Lesson #7: Shelling and friendly bite size for a friendly meal.
After 1 if not 2 night in the fridge and having re-heated the rice in that microwave I decided it was time for the shrimp shells to go. They had served their purpose for sure. Now they were just an annoyance. I fished them up with my bare fingers. They were submerged in hot boiling squid ink rice. I will admit, it was painful. Took a little while but I ended up with a pound of shelled shrimp on my cutting board. Using the sharpest paring knife I sliced them one by one into friendly bite-size pieces and returned them to the rice. The shells were thrown in the garbage disposal never to be seen again. Perfect squid ink rice now. No shells, no slime, perfectly cooked seafood, perfectly seasoned. I knew then I was gonna be able to sleep that night.
Lesson #8: Eggs. Omurice.
Because it’s been a while since I cooked them and because eggs are what cooking is all about… for me at least. If you’ve ever had omurice, that would give you an idea of what my dish kinda ended up like. An open spicy squid ink seafood omurice (omelet). I made a simple 2 egg omelet, added about 2 Tbsp of whole milk and again, no salt and cooked the thing on a single layer in a nonstick pan over low heat with the lid on until set. And if you’re wondering about eggs keeping them in the fridge overnight or longer, don’t. There are exceptions to lesson #5 and eggs are probably at the top of the list… but yeah, a bed of carefully cooked eggs was the perfect stage for what I considered the best kitchen accident in my recent cooking history. Once folded over, this still-soft-boiled-at-the-surface omelet connected all the dots and what started as a questionable and almost disgusting meal 2 days ago, ended up on my top ten list.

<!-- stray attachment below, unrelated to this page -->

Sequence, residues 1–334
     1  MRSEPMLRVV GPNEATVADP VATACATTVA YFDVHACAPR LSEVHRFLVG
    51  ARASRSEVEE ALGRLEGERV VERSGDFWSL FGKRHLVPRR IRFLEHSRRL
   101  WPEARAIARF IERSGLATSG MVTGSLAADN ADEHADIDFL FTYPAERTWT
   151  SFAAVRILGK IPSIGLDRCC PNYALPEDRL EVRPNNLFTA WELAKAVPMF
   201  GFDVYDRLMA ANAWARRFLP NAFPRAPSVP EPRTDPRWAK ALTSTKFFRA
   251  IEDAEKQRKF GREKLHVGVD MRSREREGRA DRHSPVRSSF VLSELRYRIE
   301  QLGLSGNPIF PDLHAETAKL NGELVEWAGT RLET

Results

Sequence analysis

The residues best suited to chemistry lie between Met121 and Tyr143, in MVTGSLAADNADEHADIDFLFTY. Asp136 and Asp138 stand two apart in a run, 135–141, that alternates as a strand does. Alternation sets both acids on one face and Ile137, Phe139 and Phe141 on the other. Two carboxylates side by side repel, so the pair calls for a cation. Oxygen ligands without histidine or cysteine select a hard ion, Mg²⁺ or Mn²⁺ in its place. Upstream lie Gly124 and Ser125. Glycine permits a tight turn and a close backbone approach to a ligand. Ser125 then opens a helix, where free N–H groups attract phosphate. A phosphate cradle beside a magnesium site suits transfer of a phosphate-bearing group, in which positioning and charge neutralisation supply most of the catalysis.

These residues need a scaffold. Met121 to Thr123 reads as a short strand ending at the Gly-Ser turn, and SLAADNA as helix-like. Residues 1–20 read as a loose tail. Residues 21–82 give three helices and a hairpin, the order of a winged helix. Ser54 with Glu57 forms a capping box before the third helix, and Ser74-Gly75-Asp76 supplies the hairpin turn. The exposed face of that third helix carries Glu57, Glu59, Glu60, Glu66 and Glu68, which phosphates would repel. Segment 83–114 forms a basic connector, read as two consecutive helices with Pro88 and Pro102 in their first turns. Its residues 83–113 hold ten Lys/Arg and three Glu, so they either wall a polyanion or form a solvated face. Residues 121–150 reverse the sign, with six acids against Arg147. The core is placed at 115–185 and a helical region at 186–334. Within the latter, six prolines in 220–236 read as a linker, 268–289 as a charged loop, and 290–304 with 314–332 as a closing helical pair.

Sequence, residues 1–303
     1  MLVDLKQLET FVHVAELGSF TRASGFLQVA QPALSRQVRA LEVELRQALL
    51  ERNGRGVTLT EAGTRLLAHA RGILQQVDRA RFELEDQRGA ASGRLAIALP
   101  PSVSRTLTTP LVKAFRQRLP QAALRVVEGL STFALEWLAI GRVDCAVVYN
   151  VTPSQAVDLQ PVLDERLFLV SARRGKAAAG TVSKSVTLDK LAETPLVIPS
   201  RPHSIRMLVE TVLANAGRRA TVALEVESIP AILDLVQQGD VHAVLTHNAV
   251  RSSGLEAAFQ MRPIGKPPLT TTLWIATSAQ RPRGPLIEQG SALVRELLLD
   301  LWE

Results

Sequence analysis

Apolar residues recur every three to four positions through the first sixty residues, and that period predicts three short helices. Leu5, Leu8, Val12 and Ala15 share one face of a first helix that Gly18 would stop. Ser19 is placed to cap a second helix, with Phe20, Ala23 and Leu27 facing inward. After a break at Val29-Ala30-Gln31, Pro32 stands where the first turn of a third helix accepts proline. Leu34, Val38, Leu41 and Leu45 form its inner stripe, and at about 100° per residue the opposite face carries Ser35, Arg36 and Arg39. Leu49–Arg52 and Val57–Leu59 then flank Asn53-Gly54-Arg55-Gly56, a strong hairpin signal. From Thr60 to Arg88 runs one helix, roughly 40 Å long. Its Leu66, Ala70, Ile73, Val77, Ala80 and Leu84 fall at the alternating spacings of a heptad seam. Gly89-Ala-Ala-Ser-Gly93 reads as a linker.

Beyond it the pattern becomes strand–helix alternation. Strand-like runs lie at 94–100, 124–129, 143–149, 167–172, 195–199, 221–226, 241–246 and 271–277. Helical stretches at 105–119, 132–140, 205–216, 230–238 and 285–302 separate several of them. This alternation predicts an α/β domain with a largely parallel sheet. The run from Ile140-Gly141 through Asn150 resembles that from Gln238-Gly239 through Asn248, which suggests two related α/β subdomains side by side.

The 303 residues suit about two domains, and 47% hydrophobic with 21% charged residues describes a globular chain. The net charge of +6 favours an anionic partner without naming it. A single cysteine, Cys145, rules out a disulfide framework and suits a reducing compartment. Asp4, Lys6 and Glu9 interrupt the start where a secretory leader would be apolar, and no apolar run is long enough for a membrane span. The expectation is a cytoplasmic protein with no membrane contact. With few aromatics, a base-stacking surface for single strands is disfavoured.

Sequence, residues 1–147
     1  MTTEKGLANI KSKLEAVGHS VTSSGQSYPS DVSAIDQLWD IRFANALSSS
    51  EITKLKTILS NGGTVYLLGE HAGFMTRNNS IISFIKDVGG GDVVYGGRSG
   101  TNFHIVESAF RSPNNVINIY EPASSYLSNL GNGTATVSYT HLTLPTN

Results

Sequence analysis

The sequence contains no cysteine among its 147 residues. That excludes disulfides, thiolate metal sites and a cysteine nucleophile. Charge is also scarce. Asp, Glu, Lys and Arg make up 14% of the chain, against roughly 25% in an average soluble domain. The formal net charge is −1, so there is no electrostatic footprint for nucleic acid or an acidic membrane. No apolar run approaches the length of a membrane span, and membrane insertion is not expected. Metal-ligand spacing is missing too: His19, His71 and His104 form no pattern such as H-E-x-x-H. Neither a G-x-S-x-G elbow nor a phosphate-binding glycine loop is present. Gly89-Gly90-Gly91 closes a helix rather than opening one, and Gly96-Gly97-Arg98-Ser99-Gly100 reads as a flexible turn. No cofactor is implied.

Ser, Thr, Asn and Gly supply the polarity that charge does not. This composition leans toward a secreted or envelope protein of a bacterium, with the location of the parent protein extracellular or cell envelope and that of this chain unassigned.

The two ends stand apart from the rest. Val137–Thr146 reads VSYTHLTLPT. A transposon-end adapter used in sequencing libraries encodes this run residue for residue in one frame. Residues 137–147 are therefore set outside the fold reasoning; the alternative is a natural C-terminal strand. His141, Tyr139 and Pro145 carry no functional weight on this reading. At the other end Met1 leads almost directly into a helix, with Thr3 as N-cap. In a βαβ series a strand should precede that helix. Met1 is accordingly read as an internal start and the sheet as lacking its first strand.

The ingredient’s list.
1 pound of shrimp. Shells on. Later shelled and diced.
1 pound of squid. Cleaned and sliced. If you have to clean them yourself, google is your friend.
200g tomato sauce.
1 tsp of squid ink.
1/2 half of a white onion. Small dice.
4 lacto-fermented garlic cloves. Regular ones will do too. Thinly sliced.
2-3 Tbsp lacto-fermented habanero-garlic brine. 3% salinity.
2 Tbsp whole milk
Instructions (if you wanna replicate this tasty “disaster”):
Sweat the onions in some olive oil until translucent. Add the tomatoes and cook over medium heat until they turn a darker shade. Add the garlic and the squid ink. Add the lacto-fermented brine. Cook the liquid off for a bit. Add the seafood. Cook for about 2 minutes.
Store in your fridge overnight. Make a cup of steamed rice with no seasoning. I used sushi rice. Fold them together and microwave for 3 minutes or so. You know your microwave so cook until steamed. I pause at intervals to allow for carryover heat to move through the food.
Shell the shrimp and dice. Add back to the rice. Discard shells. Add a drizzle of olive oil at this point. Reserve.
Make the omelet. Beat the eggs with the milk. Try not to incorporate air into the mix. Cook over medium-low heat on a nonstick pan with the lid on until set.
Plate the omelet and top with the squid ink rice. Sprinkle finely chopped parsley. Now you can serve it immediately.